I am following a van full of Prescott College students down a dusty road, descending from the plains of north-central Arizona toward the cliffs of the Verde River. Prescott College, affectionately known by its students as PC, is my alma mater. It’s been twelve years since I’ve been here, yet the land is immediately familiar, its undulations permanently pressed into my psyche: the rugged piñon and juniper hills; the flat, dry grasslands; the stretch of willows and cottonwoods flanking the river in the distance, a snake of life tucked between the rocky walls of a canyon.
I’m tagging along on professor Bob Ellis’s Concepts of Ecology class. Thursdays are field days, always held in a different location, in order to, as Ellis puts it, “ground truth” theories of ecology. Today’s goal is to understand selective pressures: why do some plants have small, waxy leaves, while others can grow big and broad? Our focus for the morning is plants, but for Ellis, everything is a learning opportunity: when a raptor glides by he stops talking about the grama grass at his feet to say, “Oooh, bird,” then, “What did you notice?” The students point out the long wings, the way the tips of the feathers look like fingers, attributes it seems they’ve discussed before. There’s no move on Ellis’s part to name the bird. That doesn’t seem to be the point. Rather, the point is to get them to notice, to describe, to file away a set of features this animal has that they might recognize in another place or in another bird.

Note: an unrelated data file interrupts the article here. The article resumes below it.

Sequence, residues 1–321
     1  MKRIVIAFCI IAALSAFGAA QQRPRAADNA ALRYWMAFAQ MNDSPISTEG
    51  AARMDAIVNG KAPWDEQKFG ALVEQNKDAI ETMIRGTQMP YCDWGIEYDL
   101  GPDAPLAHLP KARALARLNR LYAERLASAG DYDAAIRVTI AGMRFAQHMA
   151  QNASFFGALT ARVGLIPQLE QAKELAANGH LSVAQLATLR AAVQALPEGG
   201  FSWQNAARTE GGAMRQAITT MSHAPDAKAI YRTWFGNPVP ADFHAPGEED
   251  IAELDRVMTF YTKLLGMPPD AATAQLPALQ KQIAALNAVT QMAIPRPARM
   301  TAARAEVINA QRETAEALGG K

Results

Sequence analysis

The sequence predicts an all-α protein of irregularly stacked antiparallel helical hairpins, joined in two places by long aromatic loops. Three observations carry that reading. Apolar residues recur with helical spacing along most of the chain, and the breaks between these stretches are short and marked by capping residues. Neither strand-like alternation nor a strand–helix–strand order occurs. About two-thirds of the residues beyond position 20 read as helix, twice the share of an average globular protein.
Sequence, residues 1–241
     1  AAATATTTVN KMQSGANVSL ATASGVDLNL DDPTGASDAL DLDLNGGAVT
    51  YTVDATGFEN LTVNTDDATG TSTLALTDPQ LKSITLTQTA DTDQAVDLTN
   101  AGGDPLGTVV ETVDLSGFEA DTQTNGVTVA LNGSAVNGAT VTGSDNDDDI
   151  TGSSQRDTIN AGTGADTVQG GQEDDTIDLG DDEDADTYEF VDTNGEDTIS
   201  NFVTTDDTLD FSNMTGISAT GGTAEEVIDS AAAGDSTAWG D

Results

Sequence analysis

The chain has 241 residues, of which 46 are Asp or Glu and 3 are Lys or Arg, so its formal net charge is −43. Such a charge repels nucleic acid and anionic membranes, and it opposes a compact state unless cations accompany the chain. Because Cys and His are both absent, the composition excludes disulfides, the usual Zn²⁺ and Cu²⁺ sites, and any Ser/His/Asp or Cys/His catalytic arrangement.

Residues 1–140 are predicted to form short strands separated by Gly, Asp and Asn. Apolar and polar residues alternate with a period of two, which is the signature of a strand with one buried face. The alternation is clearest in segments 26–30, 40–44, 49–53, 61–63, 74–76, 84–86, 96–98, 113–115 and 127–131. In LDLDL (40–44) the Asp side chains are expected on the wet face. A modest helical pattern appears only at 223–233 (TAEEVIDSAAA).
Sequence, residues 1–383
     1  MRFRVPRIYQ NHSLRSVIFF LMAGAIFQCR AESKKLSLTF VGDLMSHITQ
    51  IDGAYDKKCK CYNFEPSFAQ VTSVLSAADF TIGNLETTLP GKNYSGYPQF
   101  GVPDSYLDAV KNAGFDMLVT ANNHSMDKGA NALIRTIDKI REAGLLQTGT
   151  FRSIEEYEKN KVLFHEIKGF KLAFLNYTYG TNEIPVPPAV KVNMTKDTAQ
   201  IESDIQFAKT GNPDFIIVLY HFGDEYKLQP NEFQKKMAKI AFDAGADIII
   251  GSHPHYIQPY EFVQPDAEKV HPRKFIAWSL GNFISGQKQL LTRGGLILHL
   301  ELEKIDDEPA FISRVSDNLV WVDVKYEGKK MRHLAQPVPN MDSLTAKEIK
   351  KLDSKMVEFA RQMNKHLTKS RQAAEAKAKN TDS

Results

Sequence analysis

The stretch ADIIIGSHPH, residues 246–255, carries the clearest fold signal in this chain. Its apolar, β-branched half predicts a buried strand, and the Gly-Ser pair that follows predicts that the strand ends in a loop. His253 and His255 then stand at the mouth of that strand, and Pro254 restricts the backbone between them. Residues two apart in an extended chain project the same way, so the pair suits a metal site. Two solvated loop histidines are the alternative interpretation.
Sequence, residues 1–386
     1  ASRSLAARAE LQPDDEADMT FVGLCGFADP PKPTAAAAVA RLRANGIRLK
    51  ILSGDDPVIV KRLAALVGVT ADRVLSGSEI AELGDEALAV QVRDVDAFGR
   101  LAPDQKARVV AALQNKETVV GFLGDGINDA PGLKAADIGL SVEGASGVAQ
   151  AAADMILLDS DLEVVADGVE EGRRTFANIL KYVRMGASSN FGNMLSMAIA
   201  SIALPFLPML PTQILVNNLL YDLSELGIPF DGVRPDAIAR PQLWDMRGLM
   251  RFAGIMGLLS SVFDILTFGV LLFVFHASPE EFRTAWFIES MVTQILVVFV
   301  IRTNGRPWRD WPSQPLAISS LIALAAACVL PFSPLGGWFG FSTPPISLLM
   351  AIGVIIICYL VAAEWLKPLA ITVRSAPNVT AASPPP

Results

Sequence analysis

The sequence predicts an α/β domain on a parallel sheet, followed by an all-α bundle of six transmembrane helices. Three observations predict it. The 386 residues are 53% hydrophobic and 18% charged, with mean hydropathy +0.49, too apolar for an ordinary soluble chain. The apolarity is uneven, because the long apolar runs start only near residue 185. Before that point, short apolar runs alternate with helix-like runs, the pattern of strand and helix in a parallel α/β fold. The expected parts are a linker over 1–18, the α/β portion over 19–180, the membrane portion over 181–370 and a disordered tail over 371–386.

Ellis was my own professor back in 2003 for a course called Wolf Ecology and Management. The course took us to western New Mexico — Mexican gray wolf habitat — and up to Yellowstone. We had conversations with biologists, activists, ranchers, and someone from Wildlife Services. We spent our time listening, absorbing, observing. Ellis’s teaching style was subtle — it felt then, as it does today, more like reflective conversation: What do you notice? What do you think? What do you make of all this information you’re steeped in, and what are you going to do with it?
When we finally get to the Verde River after an hour and a half of driving, we head west along a set of railroad tracks. The students are the kind the school tends to attract — rugged, unshaven, wearing sturdy hiking boots or river sandals. They talk about organic gardening and rock climbing, and are wisely equipped with sunscreen and plenty of water. Ellis resembles a character out of O Brother, Where Art Thou? with his tattered straw hat patched together with purple, white, and red duct tape; his button-down shirt stained pink from using it to wipe his dry erase board; and his odd habit of referring to his students as “brothers and sisters of the pale forest.”…
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